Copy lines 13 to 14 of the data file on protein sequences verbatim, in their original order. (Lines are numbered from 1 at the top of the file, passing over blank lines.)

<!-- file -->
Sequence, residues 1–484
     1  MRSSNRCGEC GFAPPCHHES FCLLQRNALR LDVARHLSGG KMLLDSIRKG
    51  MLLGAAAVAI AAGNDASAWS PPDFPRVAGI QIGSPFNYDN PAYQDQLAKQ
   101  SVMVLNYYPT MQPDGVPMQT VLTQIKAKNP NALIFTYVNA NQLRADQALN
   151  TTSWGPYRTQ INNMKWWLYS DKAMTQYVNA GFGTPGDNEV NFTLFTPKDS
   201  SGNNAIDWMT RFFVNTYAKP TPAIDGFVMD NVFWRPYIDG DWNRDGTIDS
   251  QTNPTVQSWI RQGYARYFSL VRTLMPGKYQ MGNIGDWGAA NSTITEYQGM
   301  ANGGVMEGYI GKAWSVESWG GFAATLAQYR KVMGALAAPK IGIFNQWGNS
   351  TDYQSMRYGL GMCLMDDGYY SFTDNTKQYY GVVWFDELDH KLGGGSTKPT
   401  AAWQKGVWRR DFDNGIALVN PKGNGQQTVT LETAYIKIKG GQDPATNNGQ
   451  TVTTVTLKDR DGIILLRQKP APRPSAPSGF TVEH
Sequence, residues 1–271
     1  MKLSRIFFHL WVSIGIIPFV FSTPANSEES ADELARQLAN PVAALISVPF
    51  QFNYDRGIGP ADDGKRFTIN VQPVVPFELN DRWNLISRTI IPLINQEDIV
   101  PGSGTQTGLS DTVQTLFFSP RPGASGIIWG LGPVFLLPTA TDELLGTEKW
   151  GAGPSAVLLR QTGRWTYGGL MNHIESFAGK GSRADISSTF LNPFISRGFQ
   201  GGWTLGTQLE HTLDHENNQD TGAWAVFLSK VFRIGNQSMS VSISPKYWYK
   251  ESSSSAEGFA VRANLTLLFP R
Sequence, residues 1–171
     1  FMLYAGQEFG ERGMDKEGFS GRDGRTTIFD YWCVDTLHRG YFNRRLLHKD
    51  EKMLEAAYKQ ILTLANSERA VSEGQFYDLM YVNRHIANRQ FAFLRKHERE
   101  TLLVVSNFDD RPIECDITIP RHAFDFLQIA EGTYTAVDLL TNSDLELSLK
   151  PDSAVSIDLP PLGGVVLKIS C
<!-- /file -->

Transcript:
     1  MKLSRIFFHL WVSIGIIPFV FSTPANSEES ADELARQLAN PVAALISVPF
    51  QFNYDRGIGP ADDGKRFTIN VQPVVPFELN DRWNLISRTI IPLINQEDIV